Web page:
Another valuable resource the Library receives from the MCN is the biennial Minnesota Nonprofit Salary and Benefits Survey. The 2022 edition is now available in both print and online. The report details current salary ranges, including increases and raises; health, dental, and cafeteria plans offered; retirement, disability and life insurance benefits; paid time off including vacation, sick leave and holidays; and more.

From the Office of the Minnesota Attorney General, the Library recently added updated editions of Nonprofit Organization Resources (2022) and  A Guide to Minnesota's Charities Laws (2022). Also in this month’s list of new reports is Giving in Minnesota: 2021 Report from the Minnesota Council on Foundations. Providing a comprehensive look at grantmaking done in the 2019 fiscal year, the report features a follow-up survey about current grantmaking practices underway in Minnesota. Reflecting on shifts in grantmaking practices that began in 2020, they write: “The data in this Grantmaking and Practices Survey reveals that philanthropy in Minnesota has not returned to the old “normal” but has continued on a path of change.”

In 2019, the Legislature established a legislative staff working group on accessibility measures to address the course of action for digital accessibility standards in the Minnesota Legislative branch in Laws of Minnesota 2019, 1st special session, chapter 10, article 5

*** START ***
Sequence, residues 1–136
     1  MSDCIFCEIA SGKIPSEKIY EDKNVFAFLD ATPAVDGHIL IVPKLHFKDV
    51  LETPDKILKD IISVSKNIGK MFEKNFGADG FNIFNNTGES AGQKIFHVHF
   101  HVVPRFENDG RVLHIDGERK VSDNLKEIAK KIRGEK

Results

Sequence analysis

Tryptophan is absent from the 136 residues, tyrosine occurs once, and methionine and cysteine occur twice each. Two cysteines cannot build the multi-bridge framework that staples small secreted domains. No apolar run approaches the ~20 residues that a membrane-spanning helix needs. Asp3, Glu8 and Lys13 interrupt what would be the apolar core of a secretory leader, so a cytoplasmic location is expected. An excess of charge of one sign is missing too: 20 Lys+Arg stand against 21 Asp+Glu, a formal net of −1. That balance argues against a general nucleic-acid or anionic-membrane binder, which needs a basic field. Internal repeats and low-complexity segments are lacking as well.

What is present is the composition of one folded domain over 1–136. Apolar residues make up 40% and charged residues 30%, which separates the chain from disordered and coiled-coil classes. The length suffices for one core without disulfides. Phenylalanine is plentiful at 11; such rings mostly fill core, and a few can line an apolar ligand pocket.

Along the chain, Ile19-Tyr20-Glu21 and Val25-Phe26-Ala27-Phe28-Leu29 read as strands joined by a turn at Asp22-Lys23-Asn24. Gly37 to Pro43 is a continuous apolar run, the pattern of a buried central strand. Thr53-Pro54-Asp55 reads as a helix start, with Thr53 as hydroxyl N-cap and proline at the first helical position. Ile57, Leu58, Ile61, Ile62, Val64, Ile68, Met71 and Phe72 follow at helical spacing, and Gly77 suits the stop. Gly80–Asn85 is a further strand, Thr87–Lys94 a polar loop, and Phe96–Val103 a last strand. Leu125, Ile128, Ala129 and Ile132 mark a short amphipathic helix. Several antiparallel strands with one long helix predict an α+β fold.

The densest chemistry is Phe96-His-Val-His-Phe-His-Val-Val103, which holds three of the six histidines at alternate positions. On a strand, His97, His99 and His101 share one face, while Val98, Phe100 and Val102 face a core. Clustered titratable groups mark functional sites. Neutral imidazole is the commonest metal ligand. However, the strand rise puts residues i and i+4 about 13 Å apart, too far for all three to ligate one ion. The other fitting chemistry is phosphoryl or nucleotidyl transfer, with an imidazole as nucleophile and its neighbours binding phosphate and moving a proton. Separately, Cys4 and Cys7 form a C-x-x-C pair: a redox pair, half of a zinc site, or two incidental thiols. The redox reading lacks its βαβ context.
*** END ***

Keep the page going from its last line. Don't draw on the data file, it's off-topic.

Staff from the House, Senate, and joint offices have been meeting regularly since late summer 2021. They’ve surveyed legislative staff, elicited a business process mapping project to identify how digital information is used in the committee process, contracted an audit with a third-party accessibility audit company, and have been writing a report to the Legislature, which is due in January of 2023. 

The meetings have included digital accessibility training from various sources. Presentations and feedback from stakeholder organizations, executive branch agencies, and other states through a National Conference of State Legislatures (NCSL) presentation have been significant pieces of input that the working group has received. The Working Group has heard presentations from stakeholder organizations such as the Disability Council, State Services for the Blind, MNIT Office of Accessibility, and the Minnesota Commission of the Deaf, DeafBlind & Hard of Hearing. 

Among training offered to working group members, the Library has collected a few recent books, which you also may enjoy reading: Approachable Accessibility: Planning for Success by Martine Dowden explains the importance of digital accessibility and goes on to explain how to engage your team, create an action plan, and the resources you’ll need along the way. Another recent addition to the Library shows state-level legal requirements and policy by state. Much of this information is about state executive branch and public higher education compliance: 2021/2022 State and Federal Accessibility Guidelines